Project: Climate change impacts on Arctic soil and lake microbiomes

Acronym CLIMARCTIC (Reference Number: 96)
Duration 31/12/2016 - 30/12/2019
Project Topic Nowhere is climate change more intense than in the Arctic, making it the most appropriate reference region for the detection and understanding of global change and its effects on biodiversity and ecosystem functioning. In fact, the physical and chemical attributes of Arctic soils and lakes are very sensitive to climate change because of their close proximity to tipping points related to the 0°C threshold. The biogeochemical cycles and functioning of these terrestrial Arctic ecosystem are to a large extent controlled by microorganisms from all domains of life. The combined effects of increasing temperatures and changes in the length of the growth season and moisture availability on different processes in the carbon (photosynthesis, respiration, methane production), nitrogen and phosphorus cycles of Arctic terrestrial ecosystems are poorly understood. CLIMARCTIC is aimed at studying the potential effects of climate change on the diversity and genetic functional attributes (nutrient and carbon cycling) of a High Arctic terrestrial microbiome in soils, wetlands and lakes. The combination of paleolimnological, field and experimental studies will provide insights into the response of these ecosystems to climate changes and hence to assess their role as feed-back mechanisms in the climate system under future global changes. Representative samples along environmental and temporal scales (different seasons) will be taken in two lakes and their catchment areas in Svalbard (Ny-Alesund, international platform for Arctic research) for microscopy and sequence-based biodiversity assessments of marker genes, as well as taxonomic profiling using high performance liquid chromatography of the photosynthetic pigments. This information will be combined with laboratory experiment using stable isotopes of N and C as well as 13C-DNA stable isotope probing to study nutrient and carbon cycling in order to develop a conceptual model of the food webs of a dry and wet tundra system in the catchment of the lakes. Metagenomics and metatranscriptomics on a selection of these samples from these tundra systems will be used to study the genetic make-up of these microbiomes and the differential gene expression patterns in field and laboratory experiments in response to climate changes; a particular focus will be put on nutrient and carbon cycling. The field experiment will make use of snow fences and is aimed at assessing the effect of increased winter precipitation on the functioning of the soil ecosystems. In the laboratory experiments we will assess the effect of hydrological changes from altered precipitation patterns, temperature fluctuations including climate warming and altered freeze thaw cycles on gene expression and carbon cycling. We will also quantify the conversion rates between the different forms of N, P and C in field and laboratory experiments. The total nutrient and carbon concentrations and the different chemical forms of N and P will be analysed in the field samples and in different sources, such as glacier ice, snow banks and (mineral) soils. This information will be used to assess the structuring role of environmental factors on the microbial communities. During the three field campaigns - including one during winter - we will measure snow depth and light climate and analyse the photosynthetic efficiency, the respiration and the methane production in a natural wet and dry tundra site and in the plots with altered snow depth. Changes in nutrient, organic carbon content and food web structure over longer timescales will be analysed in radiometric-dated lake sediment cores to assess the responsiveness, resilience and rates of change of the lakes and their catchments during the past 2000 years. This information will allow us to put the predictions of the response of these communities to changes in temperature and moisture observed in the space-for-time substitution in a context of natural variability. The results of our study will be communicated to a variety of stakeholders including the media, national conservation bodies, the general public, and leading international science policy initiatives both at the national and international level, such as the Arctic Council and the IPCC.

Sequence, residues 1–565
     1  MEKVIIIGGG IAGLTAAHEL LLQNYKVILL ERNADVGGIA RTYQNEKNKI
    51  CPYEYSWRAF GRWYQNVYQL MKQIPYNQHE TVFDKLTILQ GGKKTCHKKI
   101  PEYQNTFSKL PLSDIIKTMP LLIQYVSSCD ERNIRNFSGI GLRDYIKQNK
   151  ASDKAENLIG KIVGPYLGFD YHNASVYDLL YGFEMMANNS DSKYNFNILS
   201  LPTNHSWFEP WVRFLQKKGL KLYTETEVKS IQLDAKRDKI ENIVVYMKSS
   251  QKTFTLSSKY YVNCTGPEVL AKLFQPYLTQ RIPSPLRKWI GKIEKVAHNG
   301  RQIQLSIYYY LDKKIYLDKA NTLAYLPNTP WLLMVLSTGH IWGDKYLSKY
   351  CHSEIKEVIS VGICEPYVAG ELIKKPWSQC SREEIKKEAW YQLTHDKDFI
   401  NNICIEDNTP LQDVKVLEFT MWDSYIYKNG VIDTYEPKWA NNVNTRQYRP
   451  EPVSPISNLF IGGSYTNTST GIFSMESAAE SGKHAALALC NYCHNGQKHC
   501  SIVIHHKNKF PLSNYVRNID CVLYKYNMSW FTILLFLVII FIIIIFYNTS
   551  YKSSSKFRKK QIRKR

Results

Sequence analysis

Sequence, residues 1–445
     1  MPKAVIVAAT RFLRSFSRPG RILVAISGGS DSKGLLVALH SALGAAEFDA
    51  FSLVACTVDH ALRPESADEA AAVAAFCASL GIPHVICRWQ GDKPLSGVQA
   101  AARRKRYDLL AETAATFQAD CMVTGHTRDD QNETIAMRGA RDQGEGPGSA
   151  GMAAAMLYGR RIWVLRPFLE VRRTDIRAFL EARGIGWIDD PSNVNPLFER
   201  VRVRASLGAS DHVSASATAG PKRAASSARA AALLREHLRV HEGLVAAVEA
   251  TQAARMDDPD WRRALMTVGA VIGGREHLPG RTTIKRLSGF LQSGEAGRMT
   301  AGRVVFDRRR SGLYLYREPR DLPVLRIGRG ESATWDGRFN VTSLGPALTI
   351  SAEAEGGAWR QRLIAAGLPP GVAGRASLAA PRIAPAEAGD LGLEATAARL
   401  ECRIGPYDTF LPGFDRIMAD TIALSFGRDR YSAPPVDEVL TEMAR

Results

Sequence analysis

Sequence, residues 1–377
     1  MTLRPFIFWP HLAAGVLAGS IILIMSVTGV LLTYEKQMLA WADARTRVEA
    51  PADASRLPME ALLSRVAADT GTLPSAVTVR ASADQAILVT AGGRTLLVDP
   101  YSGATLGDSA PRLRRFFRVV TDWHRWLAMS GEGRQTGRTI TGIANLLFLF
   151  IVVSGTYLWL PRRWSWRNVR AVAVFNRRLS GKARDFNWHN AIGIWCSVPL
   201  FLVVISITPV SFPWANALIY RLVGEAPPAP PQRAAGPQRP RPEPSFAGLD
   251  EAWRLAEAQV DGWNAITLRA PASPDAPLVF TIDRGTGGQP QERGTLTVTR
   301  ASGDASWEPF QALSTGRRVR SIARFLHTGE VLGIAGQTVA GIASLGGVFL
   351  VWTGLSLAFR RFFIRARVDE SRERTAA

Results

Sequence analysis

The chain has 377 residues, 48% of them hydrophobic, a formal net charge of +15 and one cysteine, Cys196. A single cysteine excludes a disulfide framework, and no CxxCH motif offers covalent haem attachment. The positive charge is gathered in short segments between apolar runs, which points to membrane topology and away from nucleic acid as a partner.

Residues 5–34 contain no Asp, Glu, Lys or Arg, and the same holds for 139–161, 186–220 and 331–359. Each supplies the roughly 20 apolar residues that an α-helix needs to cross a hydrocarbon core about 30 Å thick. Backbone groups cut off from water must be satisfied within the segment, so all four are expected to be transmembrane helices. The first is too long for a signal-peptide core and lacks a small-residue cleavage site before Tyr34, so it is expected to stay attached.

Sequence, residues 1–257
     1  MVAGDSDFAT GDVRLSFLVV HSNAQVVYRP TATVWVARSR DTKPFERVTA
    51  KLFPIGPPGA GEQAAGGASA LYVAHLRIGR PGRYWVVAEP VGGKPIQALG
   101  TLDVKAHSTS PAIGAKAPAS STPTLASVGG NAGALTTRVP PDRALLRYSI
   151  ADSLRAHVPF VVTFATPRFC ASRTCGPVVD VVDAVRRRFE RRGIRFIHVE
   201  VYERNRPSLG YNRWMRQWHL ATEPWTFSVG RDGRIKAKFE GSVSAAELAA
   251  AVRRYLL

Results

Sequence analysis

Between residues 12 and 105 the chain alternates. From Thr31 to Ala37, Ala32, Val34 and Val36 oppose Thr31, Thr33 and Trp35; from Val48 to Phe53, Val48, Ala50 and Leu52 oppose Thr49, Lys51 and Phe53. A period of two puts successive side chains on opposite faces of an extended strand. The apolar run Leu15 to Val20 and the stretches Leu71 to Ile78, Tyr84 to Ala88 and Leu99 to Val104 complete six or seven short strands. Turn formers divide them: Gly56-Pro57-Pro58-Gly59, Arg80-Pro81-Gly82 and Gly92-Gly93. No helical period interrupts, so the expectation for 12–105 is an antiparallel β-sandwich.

Network BiodivERsA3
Call BiodivERsA3 Joint Call 2015

Project partner

Number Name Role Country
1 Ghent University Coordinator Belgium
2 Arctic University of Norway Partner Norway
3 Swiss Federal Institute for Forest, Snow and Landscape Research Partner Switzerland
4 Universidad Autónoma de Madrid Partner Spain
5 University of Rostock Partner Germany